It defaults to the most up-to-date version and we’d recommend going with that. Similarly, the default language is English, which you can change if needed. Then, make sure you’ve checked and accepted the license agreement.
Now, let’s look at ‘Automatic Updates’…
Updating to ‘New Minor Versions and Security Releases’ is recommended, as it keeps your site secure and up to date. We’d also suggest not automatically updating plugins. Instead, you might find it better to do major updates yourself on the WordPress dashboard.
This is so any bugs that might be created by an update can be caught immediately and you can roll straight back to the previous version, if something goes wrong.
The same applies to ‘Theme Updates’. Do these yourself, manually.
‘Auto Update Backup’? Absolutely! When updates occur, your site will create a backup before installing the update – so you can automatically restore that if something goes wrong. It shouldn’t – but, just in case.
It’s also worth noting that backups take up file space on your host, so it might be a good idea to delete old backups that are no longer needed.
Now, into the ‘Settings’.
You’ll need to choose an ‘Admin Username’. Please don’t use ‘admin’, for security reasons.
You will need an ‘Admin Password’, so choose a secure password yourself, or use the generator to create a secure one for you. But, do make a note of it.
Then, you’ll need to nominate an ‘Admin Email’ which you can use as a contact for your website, or in case you need recovery.
Next, you need to give your website a ‘Name’ – typically this will be the name of your business or your blog. Then you can put in your business’ or your blog’s ‘Tagline’. Keep it short and memorable.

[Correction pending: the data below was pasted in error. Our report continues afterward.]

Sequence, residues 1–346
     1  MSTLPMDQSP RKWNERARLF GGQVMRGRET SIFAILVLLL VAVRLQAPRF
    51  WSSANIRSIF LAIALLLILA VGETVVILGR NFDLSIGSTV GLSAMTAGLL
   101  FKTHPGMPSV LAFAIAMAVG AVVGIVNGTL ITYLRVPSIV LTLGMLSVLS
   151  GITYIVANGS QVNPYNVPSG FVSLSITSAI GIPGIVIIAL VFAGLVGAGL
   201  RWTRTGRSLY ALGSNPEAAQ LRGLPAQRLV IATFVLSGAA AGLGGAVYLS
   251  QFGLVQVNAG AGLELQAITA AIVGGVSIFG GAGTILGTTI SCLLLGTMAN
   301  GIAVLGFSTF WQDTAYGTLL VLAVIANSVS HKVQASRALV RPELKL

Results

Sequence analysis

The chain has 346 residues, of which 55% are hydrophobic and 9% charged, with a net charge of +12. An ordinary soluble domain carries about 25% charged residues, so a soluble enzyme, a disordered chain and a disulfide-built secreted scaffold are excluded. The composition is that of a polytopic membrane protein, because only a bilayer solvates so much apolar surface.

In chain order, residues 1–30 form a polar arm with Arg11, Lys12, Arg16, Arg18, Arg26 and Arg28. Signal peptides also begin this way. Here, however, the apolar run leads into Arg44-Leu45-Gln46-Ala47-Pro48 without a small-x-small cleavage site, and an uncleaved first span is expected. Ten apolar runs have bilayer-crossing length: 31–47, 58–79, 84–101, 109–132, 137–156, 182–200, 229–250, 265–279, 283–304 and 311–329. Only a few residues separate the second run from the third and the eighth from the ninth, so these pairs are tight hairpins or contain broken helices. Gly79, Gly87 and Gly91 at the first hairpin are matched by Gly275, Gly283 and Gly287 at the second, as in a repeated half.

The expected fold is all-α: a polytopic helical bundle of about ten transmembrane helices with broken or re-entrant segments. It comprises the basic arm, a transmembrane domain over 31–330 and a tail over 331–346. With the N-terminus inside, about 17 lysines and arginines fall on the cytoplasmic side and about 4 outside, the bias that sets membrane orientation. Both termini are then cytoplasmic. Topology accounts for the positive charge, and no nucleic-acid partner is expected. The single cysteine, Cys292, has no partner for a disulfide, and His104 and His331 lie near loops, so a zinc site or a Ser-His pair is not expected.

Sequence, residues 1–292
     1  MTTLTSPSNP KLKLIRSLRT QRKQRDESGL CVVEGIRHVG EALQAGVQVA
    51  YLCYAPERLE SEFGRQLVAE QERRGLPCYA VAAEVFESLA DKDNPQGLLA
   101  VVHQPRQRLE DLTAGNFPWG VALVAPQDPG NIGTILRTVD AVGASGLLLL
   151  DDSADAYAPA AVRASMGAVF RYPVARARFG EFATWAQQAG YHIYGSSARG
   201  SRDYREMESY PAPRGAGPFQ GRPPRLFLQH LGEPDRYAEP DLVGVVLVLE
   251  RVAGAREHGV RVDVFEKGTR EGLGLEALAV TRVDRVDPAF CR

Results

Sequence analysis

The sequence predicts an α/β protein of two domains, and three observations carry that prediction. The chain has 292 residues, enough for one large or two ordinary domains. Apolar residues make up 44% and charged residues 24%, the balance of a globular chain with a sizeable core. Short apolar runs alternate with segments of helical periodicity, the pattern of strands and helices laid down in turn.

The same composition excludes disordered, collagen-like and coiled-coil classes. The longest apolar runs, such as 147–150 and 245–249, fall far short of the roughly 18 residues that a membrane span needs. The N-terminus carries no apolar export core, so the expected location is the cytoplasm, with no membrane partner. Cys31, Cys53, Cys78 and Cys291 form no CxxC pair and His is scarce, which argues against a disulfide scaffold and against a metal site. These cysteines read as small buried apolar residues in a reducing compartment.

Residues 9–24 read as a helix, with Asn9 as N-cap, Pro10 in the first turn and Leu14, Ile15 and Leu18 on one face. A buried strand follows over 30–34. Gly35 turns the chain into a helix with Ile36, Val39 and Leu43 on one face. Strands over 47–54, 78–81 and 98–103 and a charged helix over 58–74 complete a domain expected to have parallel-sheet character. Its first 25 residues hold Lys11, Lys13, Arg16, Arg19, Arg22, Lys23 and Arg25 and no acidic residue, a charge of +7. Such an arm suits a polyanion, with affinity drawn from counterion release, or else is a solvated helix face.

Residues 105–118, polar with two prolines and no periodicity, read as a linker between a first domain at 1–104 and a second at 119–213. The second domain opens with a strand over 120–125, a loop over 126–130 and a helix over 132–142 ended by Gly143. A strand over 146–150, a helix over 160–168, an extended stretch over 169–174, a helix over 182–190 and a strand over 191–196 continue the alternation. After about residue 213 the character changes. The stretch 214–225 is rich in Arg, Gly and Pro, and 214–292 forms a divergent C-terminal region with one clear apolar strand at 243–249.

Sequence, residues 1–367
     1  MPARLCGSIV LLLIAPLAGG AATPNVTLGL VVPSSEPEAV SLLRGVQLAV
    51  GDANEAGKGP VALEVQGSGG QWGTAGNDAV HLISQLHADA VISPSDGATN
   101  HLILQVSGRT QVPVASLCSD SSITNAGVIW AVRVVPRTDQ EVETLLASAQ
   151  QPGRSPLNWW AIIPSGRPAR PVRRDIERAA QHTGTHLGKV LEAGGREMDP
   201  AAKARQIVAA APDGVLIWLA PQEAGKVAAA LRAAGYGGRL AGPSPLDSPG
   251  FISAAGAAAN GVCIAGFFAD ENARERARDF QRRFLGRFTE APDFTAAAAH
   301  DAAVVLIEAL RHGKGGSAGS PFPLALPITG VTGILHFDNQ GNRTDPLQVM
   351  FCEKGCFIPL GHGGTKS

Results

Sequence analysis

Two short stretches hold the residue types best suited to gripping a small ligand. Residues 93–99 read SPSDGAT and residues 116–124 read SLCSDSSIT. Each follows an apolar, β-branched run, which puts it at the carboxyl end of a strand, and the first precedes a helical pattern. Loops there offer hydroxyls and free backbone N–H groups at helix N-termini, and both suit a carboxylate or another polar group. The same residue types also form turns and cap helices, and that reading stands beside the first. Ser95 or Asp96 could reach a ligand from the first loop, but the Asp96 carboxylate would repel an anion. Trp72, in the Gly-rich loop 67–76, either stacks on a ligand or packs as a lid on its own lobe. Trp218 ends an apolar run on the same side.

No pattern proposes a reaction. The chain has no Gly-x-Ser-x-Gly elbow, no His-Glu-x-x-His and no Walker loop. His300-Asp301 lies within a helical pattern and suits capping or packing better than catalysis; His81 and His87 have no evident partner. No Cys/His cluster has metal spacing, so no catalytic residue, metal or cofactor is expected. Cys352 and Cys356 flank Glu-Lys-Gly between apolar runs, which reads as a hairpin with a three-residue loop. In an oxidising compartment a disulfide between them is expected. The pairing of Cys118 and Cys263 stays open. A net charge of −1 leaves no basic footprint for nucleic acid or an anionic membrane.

Now, do you choose ‘Two Factor Authentication’? We’d say that it does make your site more secure, because it requires a unique code to be sent to your phone each time you log in. But, you may decide it’s too much trouble doing that each time. The decision is yours.
We would suggest you ‘Limit Login Attempts’ – which will lock your site after a number of failed login attempts. This is a security measure – it will stop hackers using a Brute Force Attack on your website.
‘Advanced Settings’ allow you to manage your website database, notifications, auto backups and backup location. If you are a beginner with WordPress, we’d advise you to leave that as ‘Automatic’, for the time being.
That’s all the basics done. Now you’re ready to actually install WordPress.
The installation shouldn’t take long.
Now, if you want to change any of the settings you selected before the install, just click on the ‘Spanner’ icon on the top right. That will take you right back to the ‘Settings’ page.
Scroll down to the bottom and you’ll see a timetable for ‘Automatic Backups’. Regular automatic backups are a very good idea because, as you make changes to your site, the software might break.
Frequently updating means you always have a recent restore point, in case something does go wrong. Click ‘Save All’ to update your settings.
To access your WordPress site – choose the middle address – the one that ends /wp-admin/
This will take you to your WordPress dashboard – and you’re ready to start having some fun.